bee-003I’m sure you’ve heard about how the bee population is declining – but why? And what does it mean for our food supply as humans? The answers are all in this infographic and article about Colony Collapse Disorder by CustomMade. The truth is – it is a dire situation and we need to do our best to keep bees going.

This graphic from the article really struck home for me – 1/3 of our food supply is linked to pollination!

So what can you do? Here are some tips from the article:

  • Grow a garden. Whether you have a giant yard or just a small porch or windowsill on which to plant a few flowers, growing a diversity of plants that are attractive to bees (such as Russian sage and germander) can provide important pollen and nectar sources. Do not use plants that have been treated with insecticides, and keep your garden insecticide- and pesticide- free.
  • Let weeds be. Instead of eradicating all the weeds from your lawn, recognize that they’re more than an eyesore. Dandelions and clover, in particular, are two of bees’ favorite foods. So let weeds grow free (and be sure not to spray them with pesticides).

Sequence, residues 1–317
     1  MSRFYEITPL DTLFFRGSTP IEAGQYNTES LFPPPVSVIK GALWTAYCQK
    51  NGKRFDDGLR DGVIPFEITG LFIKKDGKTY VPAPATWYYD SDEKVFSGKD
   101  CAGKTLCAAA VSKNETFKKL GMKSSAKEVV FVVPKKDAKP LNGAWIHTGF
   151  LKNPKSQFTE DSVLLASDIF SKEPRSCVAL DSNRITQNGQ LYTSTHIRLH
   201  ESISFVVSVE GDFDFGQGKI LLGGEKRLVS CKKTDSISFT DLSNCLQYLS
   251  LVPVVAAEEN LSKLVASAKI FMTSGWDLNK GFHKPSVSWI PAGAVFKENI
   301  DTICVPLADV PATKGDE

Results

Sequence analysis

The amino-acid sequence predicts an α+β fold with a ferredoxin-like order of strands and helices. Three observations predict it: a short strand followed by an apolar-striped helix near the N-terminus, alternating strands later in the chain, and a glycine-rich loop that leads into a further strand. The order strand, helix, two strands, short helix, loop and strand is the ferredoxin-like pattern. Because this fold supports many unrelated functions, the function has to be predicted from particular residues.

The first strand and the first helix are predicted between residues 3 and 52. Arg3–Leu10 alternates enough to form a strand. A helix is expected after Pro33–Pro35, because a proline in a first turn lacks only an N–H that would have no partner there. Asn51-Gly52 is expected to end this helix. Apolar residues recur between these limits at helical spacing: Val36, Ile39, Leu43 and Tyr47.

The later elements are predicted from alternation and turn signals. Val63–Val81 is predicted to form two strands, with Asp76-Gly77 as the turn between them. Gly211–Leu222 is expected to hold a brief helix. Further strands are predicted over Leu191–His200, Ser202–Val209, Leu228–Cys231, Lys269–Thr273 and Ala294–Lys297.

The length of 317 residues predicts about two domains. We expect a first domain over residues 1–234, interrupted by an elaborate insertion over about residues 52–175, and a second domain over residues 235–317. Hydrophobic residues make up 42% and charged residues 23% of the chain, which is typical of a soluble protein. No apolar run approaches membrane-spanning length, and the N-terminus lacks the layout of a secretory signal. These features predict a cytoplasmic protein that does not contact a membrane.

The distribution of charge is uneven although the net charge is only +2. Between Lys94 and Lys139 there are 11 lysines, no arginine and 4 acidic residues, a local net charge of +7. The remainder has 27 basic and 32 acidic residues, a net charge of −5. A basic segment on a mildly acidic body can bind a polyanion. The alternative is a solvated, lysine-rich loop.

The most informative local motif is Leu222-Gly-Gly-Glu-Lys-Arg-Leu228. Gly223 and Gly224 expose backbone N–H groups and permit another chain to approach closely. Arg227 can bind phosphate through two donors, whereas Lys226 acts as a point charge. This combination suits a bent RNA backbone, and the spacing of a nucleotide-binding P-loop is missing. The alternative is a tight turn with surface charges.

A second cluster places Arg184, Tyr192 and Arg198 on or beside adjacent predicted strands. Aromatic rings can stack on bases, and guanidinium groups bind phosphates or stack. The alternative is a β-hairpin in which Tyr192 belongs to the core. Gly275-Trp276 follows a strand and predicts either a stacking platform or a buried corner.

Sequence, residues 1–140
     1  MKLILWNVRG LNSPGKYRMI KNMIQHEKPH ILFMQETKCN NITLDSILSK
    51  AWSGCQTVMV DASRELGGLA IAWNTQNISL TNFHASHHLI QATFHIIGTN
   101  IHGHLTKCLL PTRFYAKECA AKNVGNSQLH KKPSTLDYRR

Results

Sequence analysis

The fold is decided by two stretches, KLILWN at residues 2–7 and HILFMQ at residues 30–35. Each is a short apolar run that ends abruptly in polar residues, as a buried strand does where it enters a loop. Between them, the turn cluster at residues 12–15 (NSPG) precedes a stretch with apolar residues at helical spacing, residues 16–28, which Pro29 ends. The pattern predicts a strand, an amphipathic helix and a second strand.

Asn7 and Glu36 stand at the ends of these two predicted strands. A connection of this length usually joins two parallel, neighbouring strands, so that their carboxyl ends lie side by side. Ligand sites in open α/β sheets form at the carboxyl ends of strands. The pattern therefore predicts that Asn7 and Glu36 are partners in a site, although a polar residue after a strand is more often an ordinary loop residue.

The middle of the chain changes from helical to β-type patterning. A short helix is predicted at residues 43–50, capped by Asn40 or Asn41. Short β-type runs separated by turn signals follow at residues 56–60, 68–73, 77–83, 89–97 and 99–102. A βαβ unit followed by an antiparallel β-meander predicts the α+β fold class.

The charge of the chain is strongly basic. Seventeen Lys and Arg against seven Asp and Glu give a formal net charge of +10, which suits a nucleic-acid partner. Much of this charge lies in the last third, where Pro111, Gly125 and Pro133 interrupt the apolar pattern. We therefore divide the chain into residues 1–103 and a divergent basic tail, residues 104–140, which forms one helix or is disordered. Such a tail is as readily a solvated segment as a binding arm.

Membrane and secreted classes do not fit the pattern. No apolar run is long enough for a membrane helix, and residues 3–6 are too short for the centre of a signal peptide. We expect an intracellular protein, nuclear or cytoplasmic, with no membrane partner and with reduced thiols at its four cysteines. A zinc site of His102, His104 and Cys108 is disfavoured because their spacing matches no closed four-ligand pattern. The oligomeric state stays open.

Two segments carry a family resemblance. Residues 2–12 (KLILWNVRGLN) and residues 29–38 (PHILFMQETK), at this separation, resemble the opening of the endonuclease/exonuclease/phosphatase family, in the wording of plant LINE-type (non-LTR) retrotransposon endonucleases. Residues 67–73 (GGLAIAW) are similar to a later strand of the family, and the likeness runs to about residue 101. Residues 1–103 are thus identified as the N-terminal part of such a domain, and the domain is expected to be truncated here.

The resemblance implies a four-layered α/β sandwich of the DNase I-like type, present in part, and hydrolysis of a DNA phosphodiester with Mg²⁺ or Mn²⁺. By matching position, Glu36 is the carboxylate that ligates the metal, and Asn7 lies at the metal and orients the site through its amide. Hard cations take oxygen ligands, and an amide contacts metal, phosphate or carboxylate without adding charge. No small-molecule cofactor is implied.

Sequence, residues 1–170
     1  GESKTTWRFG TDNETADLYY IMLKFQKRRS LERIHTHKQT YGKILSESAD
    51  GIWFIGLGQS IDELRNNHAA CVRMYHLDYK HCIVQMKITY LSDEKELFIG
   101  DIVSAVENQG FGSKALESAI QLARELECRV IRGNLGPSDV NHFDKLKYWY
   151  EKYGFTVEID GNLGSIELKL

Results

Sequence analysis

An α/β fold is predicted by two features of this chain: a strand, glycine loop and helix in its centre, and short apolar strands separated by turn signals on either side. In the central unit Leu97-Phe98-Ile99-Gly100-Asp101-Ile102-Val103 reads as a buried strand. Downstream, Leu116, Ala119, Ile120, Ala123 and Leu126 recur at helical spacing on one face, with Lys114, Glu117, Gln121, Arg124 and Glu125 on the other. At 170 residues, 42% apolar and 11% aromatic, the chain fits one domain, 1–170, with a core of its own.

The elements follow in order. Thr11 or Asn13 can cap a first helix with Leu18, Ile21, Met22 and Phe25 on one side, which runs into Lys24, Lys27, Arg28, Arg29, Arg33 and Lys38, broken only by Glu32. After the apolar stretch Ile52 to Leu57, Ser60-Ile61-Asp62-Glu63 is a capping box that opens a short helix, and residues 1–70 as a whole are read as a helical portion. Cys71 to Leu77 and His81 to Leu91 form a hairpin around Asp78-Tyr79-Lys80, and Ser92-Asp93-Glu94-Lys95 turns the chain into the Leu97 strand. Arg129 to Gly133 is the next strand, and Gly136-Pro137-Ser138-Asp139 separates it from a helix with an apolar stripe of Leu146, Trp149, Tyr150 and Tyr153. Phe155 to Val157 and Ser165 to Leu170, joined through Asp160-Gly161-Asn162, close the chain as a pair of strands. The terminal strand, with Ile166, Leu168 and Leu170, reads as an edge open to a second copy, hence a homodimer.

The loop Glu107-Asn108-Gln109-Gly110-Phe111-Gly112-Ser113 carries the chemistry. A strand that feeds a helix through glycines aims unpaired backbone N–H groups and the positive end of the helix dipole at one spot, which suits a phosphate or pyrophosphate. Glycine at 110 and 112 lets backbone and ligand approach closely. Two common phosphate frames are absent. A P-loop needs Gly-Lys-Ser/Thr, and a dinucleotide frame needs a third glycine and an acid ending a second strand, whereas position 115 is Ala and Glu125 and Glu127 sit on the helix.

• Ditch the chemicals. Make your yard, garden, and home a commercial pesticide-, herbicide-, and fertilizer-free zone.
  • Support pesticide-free food. Purchase pesticide-free produce at the grocery store and farmers’ markets so that you’re supporting crops that are grown in a way that is helpful, and not harmful, to bees.
  • Speak up. Sign petitions to ban the use of neonics and other harmful pesticides, and write to your representatives to express your support for finding a solution to CCD.
  • Become a beekeeper. Learn how to keep a beehive on your own property. Small hives add diversity to local bee pollinations. Bonus: If you also keep a garden, your bees pollinate it for you!

Click to Enlarge Image

Beyond the Bees’ Knees – How Colony Collapse Disorder affects our food supply

Beyond the Bees’ Knees – How Colony Collapse Disorder affects our food supply
Infographic by CustomMade

How will you help save the bees?